My second job was at Kenny Rogers Roasters on Route 3, which isn’t there anymore. I think it’s a barbecue place now. It was the first place I ever got a promotion. At my first job, which was at an amusement park, I was actually demoted. I started out working the water slides, but I got demoted to “area host” which means “janitor,” and I don’t mind telling you that if you never clean an amusement park bathroom, that’s a blessing you should remember the next time you’re feeling sorry for yourself.
But at Kenny Rogers Roasters I started out as a dishwasher and worked my way up to line cook. That is, I opened the pickle bucket and mixed the macaroni cheese powder with milk and put cornbread batter into giant muffin tins and things like that. From there, I became a Chicken Specialist, a move that placed me at the heart of the operation. It was the best job in the place because you came in, put the chickens on spits, put the rub on the chickens, and put the spits on the rotisserie, then you hid out for 45 minutes while they cooked trying to make sure that the manager didn’t find you and make you take out the trash or something.
I bring this up because I made roast chicken again last night and it’s something I get a little crazy about because I feel like I have some kind of professional experience roasting chickens, so I should be able to get them perfect (even though at Kenny Rogers we were under pretty specific instructions to overcook them).
We buy most of our food at the farmers’ market on Saturday, so any meat that we’re not going to eat in the early part of the week goes in the freezer. A whole chicken takes a long time to thaw and I’ve had to dry out a lot of chickens to learn that if I want to roast a chicken, I shouldn’t put it in the freezer first.
Anyway, these last two have turned out pretty well, so here’s how I did them:
– Crank the oven to 500, open a bottle of wine and pour into a glass.
– While you drink the wine, take some aluminum foil and fashion it into a ring a little bigger than the palm of your hand (assuming your hands are about the same size as mine). Place the foil ring into a cake pan. This is a lot easier to clean than a roasting pan.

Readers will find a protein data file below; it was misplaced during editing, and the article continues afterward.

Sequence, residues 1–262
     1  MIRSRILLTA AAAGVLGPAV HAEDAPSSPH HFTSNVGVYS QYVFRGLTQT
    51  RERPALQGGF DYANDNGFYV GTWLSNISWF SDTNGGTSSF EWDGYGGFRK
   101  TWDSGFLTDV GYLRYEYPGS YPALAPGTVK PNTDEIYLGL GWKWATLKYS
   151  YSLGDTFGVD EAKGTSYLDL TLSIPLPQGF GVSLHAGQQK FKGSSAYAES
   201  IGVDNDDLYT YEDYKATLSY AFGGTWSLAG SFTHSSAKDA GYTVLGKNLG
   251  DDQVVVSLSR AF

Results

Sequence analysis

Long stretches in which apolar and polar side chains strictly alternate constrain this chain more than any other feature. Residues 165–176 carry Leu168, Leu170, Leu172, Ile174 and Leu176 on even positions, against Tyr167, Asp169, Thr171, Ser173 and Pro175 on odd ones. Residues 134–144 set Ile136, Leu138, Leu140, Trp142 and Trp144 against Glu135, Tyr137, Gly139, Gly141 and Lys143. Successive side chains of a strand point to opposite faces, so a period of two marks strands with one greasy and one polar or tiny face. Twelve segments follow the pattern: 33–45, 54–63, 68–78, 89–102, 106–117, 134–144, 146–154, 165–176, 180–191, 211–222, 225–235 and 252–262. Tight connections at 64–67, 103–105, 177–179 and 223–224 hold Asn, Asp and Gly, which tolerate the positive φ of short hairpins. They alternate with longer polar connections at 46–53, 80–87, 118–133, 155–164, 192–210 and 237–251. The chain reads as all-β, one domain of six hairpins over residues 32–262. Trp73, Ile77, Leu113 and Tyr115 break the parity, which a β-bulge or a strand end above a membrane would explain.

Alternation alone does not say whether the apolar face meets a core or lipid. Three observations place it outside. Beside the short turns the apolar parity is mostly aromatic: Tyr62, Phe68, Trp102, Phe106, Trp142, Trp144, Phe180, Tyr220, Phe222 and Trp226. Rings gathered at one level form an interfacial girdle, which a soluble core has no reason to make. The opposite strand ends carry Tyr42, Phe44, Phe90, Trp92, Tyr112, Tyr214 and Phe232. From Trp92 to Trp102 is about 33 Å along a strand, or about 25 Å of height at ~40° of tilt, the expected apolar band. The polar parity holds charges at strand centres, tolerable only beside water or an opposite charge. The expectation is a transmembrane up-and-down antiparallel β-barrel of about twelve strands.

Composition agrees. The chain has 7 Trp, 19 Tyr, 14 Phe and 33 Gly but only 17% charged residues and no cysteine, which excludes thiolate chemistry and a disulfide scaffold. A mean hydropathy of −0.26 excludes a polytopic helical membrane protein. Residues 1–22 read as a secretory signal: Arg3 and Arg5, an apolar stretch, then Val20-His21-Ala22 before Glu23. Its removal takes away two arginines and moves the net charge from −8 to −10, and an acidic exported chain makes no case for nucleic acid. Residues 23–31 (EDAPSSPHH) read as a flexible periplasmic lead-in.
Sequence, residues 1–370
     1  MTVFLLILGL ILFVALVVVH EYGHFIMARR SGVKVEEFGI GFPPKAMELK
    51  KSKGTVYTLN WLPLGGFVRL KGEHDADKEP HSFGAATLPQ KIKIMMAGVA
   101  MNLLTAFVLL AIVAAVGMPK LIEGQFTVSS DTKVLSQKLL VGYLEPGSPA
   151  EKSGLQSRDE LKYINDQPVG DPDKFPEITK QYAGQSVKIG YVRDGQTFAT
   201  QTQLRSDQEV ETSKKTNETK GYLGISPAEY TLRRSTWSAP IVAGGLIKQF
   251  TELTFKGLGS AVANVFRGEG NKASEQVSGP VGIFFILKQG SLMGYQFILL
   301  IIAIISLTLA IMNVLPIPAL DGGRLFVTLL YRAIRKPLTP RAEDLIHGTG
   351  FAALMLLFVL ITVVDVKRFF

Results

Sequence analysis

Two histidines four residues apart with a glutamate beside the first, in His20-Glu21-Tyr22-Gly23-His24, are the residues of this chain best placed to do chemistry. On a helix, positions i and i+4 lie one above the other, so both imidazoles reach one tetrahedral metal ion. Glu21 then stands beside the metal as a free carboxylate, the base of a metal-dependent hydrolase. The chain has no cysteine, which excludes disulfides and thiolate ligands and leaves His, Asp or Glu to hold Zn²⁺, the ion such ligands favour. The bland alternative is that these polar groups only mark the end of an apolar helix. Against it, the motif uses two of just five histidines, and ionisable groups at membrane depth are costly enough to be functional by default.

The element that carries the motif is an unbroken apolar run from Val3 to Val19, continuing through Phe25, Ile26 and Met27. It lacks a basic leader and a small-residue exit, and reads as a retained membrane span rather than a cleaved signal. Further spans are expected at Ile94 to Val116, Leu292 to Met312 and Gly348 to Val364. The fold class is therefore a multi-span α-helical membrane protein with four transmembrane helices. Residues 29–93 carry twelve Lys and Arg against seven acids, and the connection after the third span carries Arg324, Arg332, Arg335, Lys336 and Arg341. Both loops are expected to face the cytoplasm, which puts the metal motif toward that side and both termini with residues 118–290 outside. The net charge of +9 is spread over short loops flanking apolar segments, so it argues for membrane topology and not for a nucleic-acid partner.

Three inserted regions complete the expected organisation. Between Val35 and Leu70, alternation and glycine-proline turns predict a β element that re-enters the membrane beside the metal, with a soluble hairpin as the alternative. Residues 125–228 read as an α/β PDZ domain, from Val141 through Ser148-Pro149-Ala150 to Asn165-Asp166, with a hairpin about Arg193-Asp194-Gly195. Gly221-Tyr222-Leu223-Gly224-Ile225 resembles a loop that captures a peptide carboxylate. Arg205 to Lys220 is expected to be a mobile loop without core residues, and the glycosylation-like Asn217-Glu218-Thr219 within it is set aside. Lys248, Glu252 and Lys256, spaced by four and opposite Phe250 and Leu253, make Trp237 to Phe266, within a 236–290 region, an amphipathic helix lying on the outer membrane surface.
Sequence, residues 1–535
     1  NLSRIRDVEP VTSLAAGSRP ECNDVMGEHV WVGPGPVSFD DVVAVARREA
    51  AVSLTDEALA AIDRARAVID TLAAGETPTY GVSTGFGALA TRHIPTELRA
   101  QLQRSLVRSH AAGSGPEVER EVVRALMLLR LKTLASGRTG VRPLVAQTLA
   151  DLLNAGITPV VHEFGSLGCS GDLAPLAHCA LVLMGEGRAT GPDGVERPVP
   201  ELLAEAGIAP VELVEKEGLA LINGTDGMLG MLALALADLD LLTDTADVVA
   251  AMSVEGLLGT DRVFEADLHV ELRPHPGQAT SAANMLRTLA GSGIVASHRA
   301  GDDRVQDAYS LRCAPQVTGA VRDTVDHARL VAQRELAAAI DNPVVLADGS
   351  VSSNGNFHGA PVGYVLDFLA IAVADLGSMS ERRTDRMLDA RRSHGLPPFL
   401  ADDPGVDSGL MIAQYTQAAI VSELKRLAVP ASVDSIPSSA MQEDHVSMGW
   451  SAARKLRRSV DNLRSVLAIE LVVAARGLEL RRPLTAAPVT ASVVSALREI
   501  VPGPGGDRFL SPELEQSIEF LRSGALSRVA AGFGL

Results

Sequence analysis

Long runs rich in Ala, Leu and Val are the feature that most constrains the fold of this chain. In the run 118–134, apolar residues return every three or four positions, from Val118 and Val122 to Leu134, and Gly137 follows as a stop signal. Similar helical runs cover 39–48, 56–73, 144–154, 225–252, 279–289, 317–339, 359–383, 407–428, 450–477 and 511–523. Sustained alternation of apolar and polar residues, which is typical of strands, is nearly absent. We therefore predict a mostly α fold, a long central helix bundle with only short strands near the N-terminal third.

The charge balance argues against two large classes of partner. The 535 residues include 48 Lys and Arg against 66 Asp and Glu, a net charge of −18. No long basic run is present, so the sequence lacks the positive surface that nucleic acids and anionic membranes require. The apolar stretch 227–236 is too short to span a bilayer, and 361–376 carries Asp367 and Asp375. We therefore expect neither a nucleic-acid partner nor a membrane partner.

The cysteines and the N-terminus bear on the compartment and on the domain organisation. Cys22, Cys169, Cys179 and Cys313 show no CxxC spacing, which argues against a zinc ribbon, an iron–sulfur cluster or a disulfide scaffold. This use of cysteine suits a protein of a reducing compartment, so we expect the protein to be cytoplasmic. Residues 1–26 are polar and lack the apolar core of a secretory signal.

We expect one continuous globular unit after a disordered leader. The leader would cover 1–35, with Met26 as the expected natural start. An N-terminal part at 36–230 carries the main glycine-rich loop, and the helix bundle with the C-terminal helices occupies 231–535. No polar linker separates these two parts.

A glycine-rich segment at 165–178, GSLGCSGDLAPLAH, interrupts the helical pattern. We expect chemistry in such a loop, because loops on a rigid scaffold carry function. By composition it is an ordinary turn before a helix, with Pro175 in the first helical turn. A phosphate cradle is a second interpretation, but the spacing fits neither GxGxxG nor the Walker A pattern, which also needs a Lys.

– Check inside the chicken and make sure there’s not a baggie of giblets in there. Once, I didn’t and there was and we had to order in and the apartment smelled like melted baggie. Sometimes I cut up a lime and stick it up inside the chicken which smells nice while you’re cooking it and maybe helps keep it moist. Maybe not.
– I used to truss the chicken, but now I don’t bother. I just cut a little hole in the skin at the bottom of the breast and stick the ends of the drumsticks through there and I don’t worry about the wings, because who cares? More on the wings later.
– Put the chicken backside-up on the foil ring and make sure the breast isn’t touching the pan. When the oven gets up to temp or a little while before, put the chicken in and leave it for 20 minutes or so.
– While the chicken is cooking, mix some chopped herbs (I’m going through a thyme phase right now) and some salt and pepper into some olive oil. I used to use melted butter for this but I think the olive oil makes everything stick better. Also you can put some garlic in here. Or soy sauce, which makes it look really nice.
– Take the chicken out and put some of the oil on the thighs, then flip it over and put some on the breasts. If anyone is around, describe what you’re doing and see if anyone makes a “that’s what she said” joke. If no one steps up, you’ve got to do it yourself.
– Put the chicken back in the oven, let it brown for 5-6 minutes, maybe more, then turn the heat down to 325. if you haven’t already, polish off that first glass of wine. The kitchen should be totally hot by now.
– After another 15-20 minutes, pull the chicken and stick a thermometer between where the thigh and breast come together. If it’s not 165 yet, put it back in. If it is, let it sit for a few minutes if you can wait. Cut it apart and eat it.
A note on chicken wings-
You may remember the show Just the Ten of Us, which was about a super Catholic gym teacher named Coach Lubbock and his wife and their eight kids. Four of the kids were teenage girls. One was really religious, two were kind of slutty, and one was artsy and didn’t believe in God. Anyway, the Coach was really worried that his daughters were going to let God down and have sex, so he was really strict about dating. One time, one of them had a potential suitor over for dinner and the dad asked him if he wanted a breast or thigh, which was a trap. You see, Coach Lubbock operated under the belief that someone who enjoyed breasts and thighs in one context would probably enjoy them in another. It’s actually a pretty fair assumption that teenage boys enjoy both chicken and the female form, even if the causality the Coach’s line of thought implies is pretty dubious. The suitor saw the trap before him and avoided it by saying he would prefer a wing. So he got to take the daughter on a date. I don’t remember what happened but I’m guessing he impregnated her.
Let me tell you, if I ever had someone over for dinner and offered them chicken I had made and they said all they wanted was a wing, I’d be pretty leery about letting them date anyone I was in a position to keep them from dating. Wings are trash. And I say that as someone who loves Buffalo wings. Every time I eat a Buffalo wing, I feel a little thrill. To live in world where we can make trash into this! But still, it’s trash. Give the wings to children. They don’t know any better.